Published: Thursday, 13th October 2016
Environmentalists and Lancashire residents angered by the government’s decision to allow proposals involving fracking, originally refused by the county council…
The UK government has triggered an outcry from environmentalists and many Lancashire residents; by backing on appeal proposals from energy company Cuadrilla, involving fracking originally refused by the county council.
Four appeals were lodged covering two proposed exploration sites: at Preston New Road and Roseacre Wood near Preston. Each exploration site had two linked appeals, one covering the well pad, drilling and fracturing activities, while the other provided for seismic monitoring over a wider area.
Both elements of the Preston New Road scheme have been approved, the first time the administration has relied on its new “recovery” and “call-in” powers to authorise a hydraulic fracturing well.
For the Roseacre Wood scheme, the initial outcome was more nuanced. The seismic array has been approved, but the drilling and exploratory work has been deferred for further consideration.
The planning inspector who held the recovered inquiries had recommended that the drilling activity at Roseacre Wood should be refused on highway safety grounds. In respect of the other three appeals the inspector had recommended the plans should be allowed.
However, Communities Secretary Sajid Javid said he was “minded” to approve the appeal subject to further evidence on the question of road safety issues. The inquiry will be reopened to consider that topic only.
His decision letter stressed that the proposals represented “sustainable development”. He pointed out that the development was backed by a written ministerial statement made to Parliament.
The letter detailed that the Secretary of State “considers that the national need for shale gas exploration is a factor of great weight and that the local economic benefits of the proposal carry little positive weight in support of this appeal. He has given careful consideration to the objections raised, but is content that the matters of concern could be satisfactorily controlled by planning conditions or by other regulatory regimes, and as such, they can be attributed little negative weight in the planning balance. “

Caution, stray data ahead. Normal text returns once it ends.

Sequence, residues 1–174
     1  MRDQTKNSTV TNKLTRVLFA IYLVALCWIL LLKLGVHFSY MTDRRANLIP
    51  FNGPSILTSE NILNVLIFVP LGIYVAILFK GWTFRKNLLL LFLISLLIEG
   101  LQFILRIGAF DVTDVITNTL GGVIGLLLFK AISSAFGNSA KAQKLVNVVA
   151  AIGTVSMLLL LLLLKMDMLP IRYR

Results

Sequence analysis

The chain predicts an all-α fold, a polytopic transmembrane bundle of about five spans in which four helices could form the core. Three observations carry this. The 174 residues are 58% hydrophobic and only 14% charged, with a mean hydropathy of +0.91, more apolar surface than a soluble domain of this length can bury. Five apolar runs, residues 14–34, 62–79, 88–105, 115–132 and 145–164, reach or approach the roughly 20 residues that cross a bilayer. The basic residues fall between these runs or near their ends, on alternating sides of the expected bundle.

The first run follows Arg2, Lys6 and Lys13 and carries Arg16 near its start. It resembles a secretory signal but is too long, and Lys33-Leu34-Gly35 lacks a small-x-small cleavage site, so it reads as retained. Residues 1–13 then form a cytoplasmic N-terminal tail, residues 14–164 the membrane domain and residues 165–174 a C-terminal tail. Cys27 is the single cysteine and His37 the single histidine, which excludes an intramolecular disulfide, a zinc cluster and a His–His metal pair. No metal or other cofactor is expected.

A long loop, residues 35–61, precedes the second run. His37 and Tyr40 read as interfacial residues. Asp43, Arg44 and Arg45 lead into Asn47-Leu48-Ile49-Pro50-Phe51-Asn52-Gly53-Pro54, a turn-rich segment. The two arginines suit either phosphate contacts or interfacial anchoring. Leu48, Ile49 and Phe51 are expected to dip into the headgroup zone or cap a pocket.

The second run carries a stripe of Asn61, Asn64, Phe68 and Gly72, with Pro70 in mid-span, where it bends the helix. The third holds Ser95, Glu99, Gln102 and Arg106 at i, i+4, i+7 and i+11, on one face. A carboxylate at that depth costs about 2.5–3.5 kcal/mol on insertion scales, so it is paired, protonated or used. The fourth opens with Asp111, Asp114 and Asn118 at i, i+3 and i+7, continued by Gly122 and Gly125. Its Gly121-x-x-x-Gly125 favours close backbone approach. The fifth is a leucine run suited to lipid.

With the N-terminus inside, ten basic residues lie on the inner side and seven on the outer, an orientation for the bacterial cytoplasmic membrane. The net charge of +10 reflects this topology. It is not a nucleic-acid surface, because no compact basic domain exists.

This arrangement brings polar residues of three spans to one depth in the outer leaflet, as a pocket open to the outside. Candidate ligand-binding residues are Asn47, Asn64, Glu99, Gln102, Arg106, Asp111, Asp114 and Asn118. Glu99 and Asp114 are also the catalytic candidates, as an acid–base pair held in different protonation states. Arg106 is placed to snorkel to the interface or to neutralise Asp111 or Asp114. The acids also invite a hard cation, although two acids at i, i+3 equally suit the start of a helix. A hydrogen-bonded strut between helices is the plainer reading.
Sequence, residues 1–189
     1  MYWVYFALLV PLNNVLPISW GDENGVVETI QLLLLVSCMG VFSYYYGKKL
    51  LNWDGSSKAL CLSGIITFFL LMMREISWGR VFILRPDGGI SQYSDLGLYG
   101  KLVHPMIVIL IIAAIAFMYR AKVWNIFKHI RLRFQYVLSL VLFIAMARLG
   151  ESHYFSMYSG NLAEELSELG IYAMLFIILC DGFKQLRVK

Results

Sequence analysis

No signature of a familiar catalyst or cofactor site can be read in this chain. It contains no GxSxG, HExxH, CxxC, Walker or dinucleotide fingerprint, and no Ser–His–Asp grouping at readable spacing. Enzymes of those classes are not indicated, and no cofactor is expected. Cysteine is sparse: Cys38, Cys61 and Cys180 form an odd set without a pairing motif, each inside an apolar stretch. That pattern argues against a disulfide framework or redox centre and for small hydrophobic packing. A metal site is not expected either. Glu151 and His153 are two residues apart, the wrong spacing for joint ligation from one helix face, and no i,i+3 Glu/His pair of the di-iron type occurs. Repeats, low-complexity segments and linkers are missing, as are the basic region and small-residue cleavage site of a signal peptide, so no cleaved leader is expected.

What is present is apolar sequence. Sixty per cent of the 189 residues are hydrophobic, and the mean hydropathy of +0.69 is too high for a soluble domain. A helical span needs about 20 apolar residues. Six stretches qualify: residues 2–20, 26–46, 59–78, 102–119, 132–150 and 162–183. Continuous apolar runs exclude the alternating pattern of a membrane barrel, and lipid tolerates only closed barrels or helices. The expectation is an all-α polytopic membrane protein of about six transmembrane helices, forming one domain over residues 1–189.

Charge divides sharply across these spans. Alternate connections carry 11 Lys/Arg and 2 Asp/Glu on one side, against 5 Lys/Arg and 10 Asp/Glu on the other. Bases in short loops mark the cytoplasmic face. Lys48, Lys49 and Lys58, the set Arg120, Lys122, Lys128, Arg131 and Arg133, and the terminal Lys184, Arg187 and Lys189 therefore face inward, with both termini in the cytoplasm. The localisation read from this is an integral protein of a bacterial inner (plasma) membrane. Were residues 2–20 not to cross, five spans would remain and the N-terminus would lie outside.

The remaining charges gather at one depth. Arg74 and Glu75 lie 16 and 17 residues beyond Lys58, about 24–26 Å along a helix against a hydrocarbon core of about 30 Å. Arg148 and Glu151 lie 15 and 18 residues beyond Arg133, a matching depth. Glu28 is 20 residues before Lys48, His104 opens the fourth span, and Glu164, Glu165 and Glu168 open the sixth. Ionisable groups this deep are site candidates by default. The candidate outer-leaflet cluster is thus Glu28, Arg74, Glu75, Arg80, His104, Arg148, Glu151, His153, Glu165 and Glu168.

County councillor Marcus Johnstone, cabinet member for planning, said: "The Secretary of State's decision to allow more time to consider issues related to highway safety around the Roseacre site reflects the committee's concerns on this issue.”
An anti-fracking campaigner has already launched a crowdfunding campaign for a legal challenge to the government’s decision.
Planning consultancy Turley, who marshalled Cuadrilla’s planning and environmental case, said last week’s decisions demonstrated two key points. “Firstly, that the government does intend to back up its policy intentions to support the development of a shale gas industry in the UK. Secondly, that the process itself can be undertaken, with the appropriate regulation and mitigation in place, without causing unacceptable harm. The next step for industry is to prove that the resource can be commercially recovered.”